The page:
VVA believes that comprehensive legislation is needed that would, among its provisions, A) establish a National Birth Anomalies Registry (that includes pre-natal and post-natal deaths) with a unique veteran identifier; B) direct the Secretary of Veterans Affairs to take steps to utilize all information and medical records at his disposal to conduct epidemiological analyses of Vietnam veterans and patterns of disease and maladies that can indicate where research dollars need to be invested; and C] integrate legislation introduced in the House Veterans’ Affairs Committee that would grant all who were awarded the Vietnam Service Medal, as well as those who served in Guam, on Johnston Island, and elsewhere, eligibility for service-connected presumption for certain conditions as determined by the Secretary pursuant to the Agent Orange Act of 1991.
Overhaul of the Claims System. To ensure that veterans and their eligible family members receive accurate and timely decisions for their claims for VA benefits from the Veterans Benefits Administration (VBA), the current system is in dire need of a major overhaul. You’ve heard this before: the system of adjudicating claims is broken and needs to be fixed. This requires comprehensive legislation and/or directives that would give teeth to appeals on those claims originated at the agency of original jurisdiction and before the Board of Veterans’ Appeals. The BVA must be forced to follow decisions and instructions issued by higher-level courts. The VA Regional Offices and the Appeals Management Center also must be forced to follow decisions and remand instructions issued by the BVA. Without this cultural change at the VBA, all the new hires to adjudicate claims, and all the “artificial intelligence” systems put in place, will be worth very little and will disappoint you in Congress.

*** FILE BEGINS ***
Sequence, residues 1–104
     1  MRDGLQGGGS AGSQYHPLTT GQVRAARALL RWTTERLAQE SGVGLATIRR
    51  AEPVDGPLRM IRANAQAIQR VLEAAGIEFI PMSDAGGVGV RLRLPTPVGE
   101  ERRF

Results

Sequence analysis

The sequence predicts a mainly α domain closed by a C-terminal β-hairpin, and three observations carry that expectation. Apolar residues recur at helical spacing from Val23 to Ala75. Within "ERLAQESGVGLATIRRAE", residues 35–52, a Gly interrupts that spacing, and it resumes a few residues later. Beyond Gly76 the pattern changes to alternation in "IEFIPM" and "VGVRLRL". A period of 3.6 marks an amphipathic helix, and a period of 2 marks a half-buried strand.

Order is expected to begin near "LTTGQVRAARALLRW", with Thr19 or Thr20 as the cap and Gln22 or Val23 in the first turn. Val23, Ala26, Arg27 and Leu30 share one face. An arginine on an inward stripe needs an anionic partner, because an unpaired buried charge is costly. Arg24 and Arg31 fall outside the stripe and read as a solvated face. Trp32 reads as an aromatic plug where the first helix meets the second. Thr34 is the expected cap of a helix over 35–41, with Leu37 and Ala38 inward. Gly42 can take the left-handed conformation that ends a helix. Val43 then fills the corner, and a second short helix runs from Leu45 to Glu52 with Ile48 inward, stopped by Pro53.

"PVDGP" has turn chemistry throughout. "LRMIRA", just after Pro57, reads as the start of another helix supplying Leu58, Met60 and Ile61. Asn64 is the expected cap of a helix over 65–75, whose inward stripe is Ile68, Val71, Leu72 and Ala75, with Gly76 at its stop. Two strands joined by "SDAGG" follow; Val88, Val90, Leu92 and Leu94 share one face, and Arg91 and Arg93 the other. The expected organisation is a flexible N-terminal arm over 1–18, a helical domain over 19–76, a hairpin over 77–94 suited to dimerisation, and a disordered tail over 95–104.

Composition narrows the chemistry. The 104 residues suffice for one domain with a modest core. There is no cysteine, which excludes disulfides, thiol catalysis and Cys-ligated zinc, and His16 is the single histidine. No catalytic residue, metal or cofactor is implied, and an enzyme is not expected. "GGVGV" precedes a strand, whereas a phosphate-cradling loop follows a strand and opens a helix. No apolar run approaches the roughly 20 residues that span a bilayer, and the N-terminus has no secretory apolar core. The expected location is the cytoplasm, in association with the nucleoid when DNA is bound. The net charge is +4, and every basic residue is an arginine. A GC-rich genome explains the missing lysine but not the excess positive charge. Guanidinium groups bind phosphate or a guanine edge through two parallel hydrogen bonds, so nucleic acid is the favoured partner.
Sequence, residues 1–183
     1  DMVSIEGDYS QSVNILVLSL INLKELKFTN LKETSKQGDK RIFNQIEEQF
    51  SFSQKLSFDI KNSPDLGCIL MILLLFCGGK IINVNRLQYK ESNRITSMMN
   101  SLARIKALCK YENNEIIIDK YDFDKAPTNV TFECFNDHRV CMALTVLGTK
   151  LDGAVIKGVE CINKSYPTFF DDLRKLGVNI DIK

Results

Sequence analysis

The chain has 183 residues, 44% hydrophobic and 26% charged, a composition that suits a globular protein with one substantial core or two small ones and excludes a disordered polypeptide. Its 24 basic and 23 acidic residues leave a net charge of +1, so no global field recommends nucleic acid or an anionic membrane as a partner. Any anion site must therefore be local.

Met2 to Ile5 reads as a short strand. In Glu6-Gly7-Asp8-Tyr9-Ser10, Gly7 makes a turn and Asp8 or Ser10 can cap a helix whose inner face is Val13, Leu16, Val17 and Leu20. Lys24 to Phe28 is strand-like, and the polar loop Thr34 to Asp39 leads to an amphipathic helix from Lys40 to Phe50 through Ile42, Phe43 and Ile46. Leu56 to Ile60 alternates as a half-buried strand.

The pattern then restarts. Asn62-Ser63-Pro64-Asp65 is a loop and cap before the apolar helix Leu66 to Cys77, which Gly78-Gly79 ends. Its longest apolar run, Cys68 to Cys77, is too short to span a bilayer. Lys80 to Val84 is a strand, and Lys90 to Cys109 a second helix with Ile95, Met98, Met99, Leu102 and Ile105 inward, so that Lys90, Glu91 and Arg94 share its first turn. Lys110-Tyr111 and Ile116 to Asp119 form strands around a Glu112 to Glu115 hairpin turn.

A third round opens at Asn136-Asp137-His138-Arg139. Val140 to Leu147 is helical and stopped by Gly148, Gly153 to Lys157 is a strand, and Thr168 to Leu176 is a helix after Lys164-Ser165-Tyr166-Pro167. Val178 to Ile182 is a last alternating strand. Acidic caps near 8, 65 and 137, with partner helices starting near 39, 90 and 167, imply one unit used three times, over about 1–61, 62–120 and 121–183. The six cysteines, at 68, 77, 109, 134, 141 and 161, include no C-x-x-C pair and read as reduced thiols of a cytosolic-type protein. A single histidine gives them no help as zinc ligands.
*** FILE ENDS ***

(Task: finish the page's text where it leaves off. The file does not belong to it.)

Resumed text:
Making a Living. Our nation owes veterans much more than "blood money," especially to our veterans who have been disabled in service to country. The central event in their readjustment process is being able to secure gainful work at a living wage. To move toward more effective programs in this arena, VVA strongly favors legislation that will create a new division in the VA to be called the Veterans Economic Opportunity Administration (VEOA).
This entity would be devoted to assisting veterans in acquiring the skills and support services necessary to obtain and sustain meaningful work at a living wage, whether that be by working for someone else or by being self-employed or successfully operating a small business. The VEOA would be mandated to cooperate and collaborate closely with the Veterans Employment and Training Service at the U.S. Department of Labor, Office of Personnel Management, and others in both the public and private sectors. And because veterans are not currently getting the help we are paying for in the DVOP/LVER program, VVA also calls for the federalization of these positions before the end of the 111th Congress, to make DVOP and LVER personnel federal employees under the auspices of the Assistant Secretary of Labor for Veterans Employment & Training.
Rather than review here other issues of concern to VVA and our members, I commend to you the attached booklet on our Legislative Agenda & Policy Initiatives for the 111th Congress, wherein we focus on issues in the realm of Veterans Health Care, Agent Orange/Dioxin and Other Toxic Substances, Post-traumatic Stress Disorder and Substance Abuse, Incarcerated Veterans, Women Veterans, Homeless Veterans, Economic Opportunity for Veterans, Minority Veterans, the Compensation/Pension Program, POW/MIA. In this last item, please know that our highest goal remains the fullest possible accounting of the status of any American service member who has been a Prisoner of War or who had been declared Missing in Action (or, in current terminology, Duty Status Whereabouts Unknown and its unseemly acronym, DUSTWUN).
Again, on behalf of our members and our families, I thank you for your time and for your interest in assisting those who have donned the uniform to defend the Constitution and our way of life.